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Some of the parties negotiating the future of the historic Mullins farm regard each other almost as warily as the Union and Confederate armies during the 1862 siege of Fredericksburg.
Still, at least one party is optimistic about forging a deal to preserve part of the farm.
Jim Campi, spokesman for the Civil War Preservation Trust, said this week that "progress has been made" in discussions to save between 80 and 120 acres on State Route 3 in Spotsylvania County. The land saw fighting on the first day of the Civil War Battle of Chancellorsville.
Campi offered few details, adding that no deadline has been set for reaching a deal. "We're hoping for a win-win solution for everyone involved [and] especially for county residents," he said.
Discussions have occurred quietly for some time and involve the property owner, land developers, preservationists and county officials.
The land involved is 234 acres owned by John Mullins. Mullins once owned nearly 800 acres along Route 3. The balance of the farm apparently has been sold or put under contract to luxury homebuilder Toll Brothers Inc.
The tract under negotiation includes 179 acres zoned for rural residential development and 55 acres zoned for commercial use.
Campi suggested that Toll Brothers--which already is building houses on some of the land it bought--apparently won't exercise its option to buy the 179 residential acres. If that proves correct, it opens the door for Spotsylvania-based Tricord Inc. to develop a portion of that land and the commercial acreage, and set part of it aside for preservation.
"My understanding is that the developer we're negotiating with [Tricord] has this property under contract--that Toll Brothers decided not to act upon its right for first refusal," Campi said.
The asking price for the 234 acres has not been disclosed. Mullins was out of town and could not be reached for comment.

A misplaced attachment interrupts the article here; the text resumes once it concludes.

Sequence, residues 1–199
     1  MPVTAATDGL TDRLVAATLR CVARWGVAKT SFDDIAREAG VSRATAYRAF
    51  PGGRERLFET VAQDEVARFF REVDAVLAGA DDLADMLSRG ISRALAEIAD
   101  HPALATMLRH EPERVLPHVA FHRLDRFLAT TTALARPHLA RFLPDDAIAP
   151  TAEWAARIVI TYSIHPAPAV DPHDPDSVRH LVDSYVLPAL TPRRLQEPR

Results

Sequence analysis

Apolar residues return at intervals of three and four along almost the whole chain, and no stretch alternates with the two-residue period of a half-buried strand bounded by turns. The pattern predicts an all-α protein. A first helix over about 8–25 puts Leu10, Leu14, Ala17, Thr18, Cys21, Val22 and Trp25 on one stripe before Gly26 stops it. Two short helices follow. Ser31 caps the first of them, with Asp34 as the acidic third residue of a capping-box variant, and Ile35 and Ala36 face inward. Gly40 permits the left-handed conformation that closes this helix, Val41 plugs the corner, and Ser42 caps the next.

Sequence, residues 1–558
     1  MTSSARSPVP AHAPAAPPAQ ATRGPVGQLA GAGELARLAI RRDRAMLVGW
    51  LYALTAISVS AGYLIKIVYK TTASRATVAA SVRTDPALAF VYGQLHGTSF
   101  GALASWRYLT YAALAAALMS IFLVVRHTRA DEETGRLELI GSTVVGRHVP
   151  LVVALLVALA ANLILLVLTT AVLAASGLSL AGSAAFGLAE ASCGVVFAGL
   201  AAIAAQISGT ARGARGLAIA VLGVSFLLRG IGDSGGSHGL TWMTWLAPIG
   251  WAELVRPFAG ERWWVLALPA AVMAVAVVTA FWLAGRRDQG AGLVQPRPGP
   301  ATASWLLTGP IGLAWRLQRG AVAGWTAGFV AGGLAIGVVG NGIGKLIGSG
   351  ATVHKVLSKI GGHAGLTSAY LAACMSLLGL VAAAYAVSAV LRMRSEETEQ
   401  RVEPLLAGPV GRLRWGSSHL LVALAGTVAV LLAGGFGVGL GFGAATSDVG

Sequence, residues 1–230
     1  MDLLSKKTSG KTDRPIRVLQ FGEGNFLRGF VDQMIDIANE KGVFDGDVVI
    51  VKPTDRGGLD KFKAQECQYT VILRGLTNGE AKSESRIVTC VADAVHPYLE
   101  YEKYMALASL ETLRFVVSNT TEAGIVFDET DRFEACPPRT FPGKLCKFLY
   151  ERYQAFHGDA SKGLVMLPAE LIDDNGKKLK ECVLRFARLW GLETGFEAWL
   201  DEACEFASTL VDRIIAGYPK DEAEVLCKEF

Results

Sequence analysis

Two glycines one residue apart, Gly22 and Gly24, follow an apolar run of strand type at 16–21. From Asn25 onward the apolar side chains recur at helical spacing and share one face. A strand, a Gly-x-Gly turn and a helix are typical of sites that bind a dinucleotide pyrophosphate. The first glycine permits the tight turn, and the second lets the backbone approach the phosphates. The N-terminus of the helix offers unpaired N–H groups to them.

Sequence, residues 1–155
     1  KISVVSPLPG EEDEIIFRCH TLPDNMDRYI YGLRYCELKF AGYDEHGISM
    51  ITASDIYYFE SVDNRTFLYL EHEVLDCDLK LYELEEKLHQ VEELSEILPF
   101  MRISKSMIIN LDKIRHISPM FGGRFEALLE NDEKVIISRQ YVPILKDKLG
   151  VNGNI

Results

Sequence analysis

Mullins owns Covenant Funeral Service in Spotsylvania and once owned the larger Mullins and Thompson Funeral Service chain. He bought the farm in the mid-90s and has earned a considerable return on his investment, according to county land records.
On Jan 27, 1995, he paid a little over $563,000 to John and Margaret Orrock for 297 acres on Route 3.
Less than two months later, Mullins purchased 496 acres on Route 3 from Roderick and Shirley Ashley for $2.2 million.
Mullins originally tried to develop the property himself, but later entertained other offers. A Northern Virginia company wanted to build the Town of Chancellorsville--nearly 2,000 homes and up to 2.2 million square feet of shops and offices--but county supervisors rejected that plan in 2003.
On Jan. 26 of this year, Toll Brothers bought 30 building lots from Mullins for $2.73 million. The exact acreage was not listed in the land records, but the lots are zoned rural residential, meaning they must contain at least three acres.
On June 15, the company shelled out $3 million for an additional 123 acres.
Preservation activists and Mullins have clashed for years. Preservation groups have expressed interest in buying the farm but questioned his willingness to deal when he set a $40 million asking price. Mullins has said he never received a firm offer from the preservationists and grew tired of seeing them quoted in the newspaper saying they wanted to buy his land.
Into the breach has stepped Tricord.
Under the potential deal, the Spotsylvania developer would build a subdivision of age-restricted homes, a three-step continuing care center and low-impact retail and office space.
Tricord's role in the process was revealed last week by a member of the Spotsylvania Planning Commission.
Tricord officials declined this week to comment on the status of negotiations.
Spotsylvania Supervisor Hap Connors, an outspoken preservation advocate, is optimistic about the talks.
"Each time I've seen the proposals and the changes, it keeps looking better and better," he said.
Money may be one of the prime sticking points, given the rate at which Spotsylvania's land values are soaring.
Campi said his organization hasn't yet decided on a ceiling for its contribution to the deal.
"We're certainly not a cash cow, but the money's there for this deal," he said.
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